Published in the Journal of Further and Higher Education, this article is co-written by Professor Andy Noyes with colleagues from the university's Faculty of Engineering.
Technicians and technical staff are making increasingly significant contributions to the teaching and learning of undergraduate and postgraduate students in the UK. This paper reports on a survey of 1766 technical staff regarding their roles within teaching and learning environments, and a series of follow-up focus groups with 44 technical staff further exploring the roles, visibility, and recognition of technical staff. Analysis suggests many technicians’ roles have transitioned to such an extent that traditional lines between academic and technical teaching responsibilities, expertise, and contributions are becoming increasingly blurred. This trend is particularly noticeable for disciplines within creative arts but is also found in other discipline areas. This is likely accelerated by a competitive higher education environment and global graduate job market which incentivise skills-based learning and graduate employability, with a general transition towards increased value of ‘know-how’ as well as ‘know-what’. Although this can greatly enhance students’ skills-based learning at the hands of experienced practitioners, there is a danger that under-valued ‘cheap labour’ could be used to replace under-resourced academic teaching communities, or that technical staff find expansion of their teaching responsibilities are not being matched with adjustments in value, recognition, or reward. Specific examples are explored, and the impact of COVID-19 related disruption is further used to highlight these overall themes. The authors advocate for common understanding and recognition of teaching roles throughout the higher education sector, regardless of job family.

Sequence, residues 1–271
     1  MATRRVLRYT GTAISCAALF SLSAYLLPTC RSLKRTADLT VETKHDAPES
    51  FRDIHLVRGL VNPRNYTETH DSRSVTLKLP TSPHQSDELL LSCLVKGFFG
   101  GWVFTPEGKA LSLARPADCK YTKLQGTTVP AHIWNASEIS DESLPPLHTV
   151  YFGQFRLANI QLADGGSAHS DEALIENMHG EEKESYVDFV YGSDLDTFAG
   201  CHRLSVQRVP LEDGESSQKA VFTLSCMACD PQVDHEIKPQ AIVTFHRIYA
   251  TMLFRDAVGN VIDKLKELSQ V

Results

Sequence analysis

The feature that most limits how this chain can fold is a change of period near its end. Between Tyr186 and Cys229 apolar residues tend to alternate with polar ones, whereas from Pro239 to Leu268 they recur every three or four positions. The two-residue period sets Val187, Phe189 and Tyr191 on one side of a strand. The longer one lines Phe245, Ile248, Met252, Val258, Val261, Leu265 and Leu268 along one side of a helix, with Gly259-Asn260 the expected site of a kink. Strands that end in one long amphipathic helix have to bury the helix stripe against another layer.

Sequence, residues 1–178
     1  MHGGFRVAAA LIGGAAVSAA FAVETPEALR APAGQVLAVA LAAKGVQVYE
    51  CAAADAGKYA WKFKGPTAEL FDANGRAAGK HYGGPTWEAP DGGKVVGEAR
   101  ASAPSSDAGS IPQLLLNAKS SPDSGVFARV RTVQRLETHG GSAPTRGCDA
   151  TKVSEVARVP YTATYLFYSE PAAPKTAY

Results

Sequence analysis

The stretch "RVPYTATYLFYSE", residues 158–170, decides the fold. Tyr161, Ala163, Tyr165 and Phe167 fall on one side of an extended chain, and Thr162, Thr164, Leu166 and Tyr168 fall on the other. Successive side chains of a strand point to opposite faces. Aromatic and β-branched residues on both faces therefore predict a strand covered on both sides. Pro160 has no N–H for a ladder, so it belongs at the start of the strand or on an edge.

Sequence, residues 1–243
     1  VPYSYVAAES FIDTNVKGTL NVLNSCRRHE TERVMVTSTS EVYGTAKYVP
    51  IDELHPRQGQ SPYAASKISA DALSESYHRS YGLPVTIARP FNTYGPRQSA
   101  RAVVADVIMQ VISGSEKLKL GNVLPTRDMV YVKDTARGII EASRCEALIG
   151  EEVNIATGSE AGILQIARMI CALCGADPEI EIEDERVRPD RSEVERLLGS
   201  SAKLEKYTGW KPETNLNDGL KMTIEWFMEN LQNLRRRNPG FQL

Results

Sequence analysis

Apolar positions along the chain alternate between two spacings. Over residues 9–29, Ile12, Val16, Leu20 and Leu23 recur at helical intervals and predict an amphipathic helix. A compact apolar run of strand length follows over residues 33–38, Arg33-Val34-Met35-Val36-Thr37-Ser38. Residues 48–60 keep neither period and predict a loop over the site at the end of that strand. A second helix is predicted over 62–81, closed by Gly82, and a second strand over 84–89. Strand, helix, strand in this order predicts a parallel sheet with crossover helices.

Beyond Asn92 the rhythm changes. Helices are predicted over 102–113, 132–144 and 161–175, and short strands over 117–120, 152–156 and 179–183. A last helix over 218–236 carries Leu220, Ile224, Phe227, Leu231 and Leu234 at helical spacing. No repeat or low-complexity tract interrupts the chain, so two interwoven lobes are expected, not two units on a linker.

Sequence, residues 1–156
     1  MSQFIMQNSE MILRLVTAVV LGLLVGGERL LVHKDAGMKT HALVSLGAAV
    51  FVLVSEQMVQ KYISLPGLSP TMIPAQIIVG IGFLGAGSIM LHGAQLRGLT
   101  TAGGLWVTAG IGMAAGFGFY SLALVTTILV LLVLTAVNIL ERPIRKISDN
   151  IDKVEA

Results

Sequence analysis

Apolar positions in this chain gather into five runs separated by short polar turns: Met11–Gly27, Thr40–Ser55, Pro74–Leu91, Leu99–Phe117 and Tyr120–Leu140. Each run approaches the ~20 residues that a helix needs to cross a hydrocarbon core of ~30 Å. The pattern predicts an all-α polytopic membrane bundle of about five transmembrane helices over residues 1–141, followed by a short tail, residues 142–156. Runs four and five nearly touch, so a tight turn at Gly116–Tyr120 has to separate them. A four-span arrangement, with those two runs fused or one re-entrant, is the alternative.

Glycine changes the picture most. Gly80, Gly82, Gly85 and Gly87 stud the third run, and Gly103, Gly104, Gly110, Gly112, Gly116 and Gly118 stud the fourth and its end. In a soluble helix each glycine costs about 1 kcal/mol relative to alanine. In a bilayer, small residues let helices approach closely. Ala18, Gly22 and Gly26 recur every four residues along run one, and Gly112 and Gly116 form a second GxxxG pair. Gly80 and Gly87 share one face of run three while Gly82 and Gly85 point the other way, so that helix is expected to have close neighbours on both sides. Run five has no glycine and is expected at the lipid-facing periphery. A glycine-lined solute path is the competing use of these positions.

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Posted on Monday 17th July 2023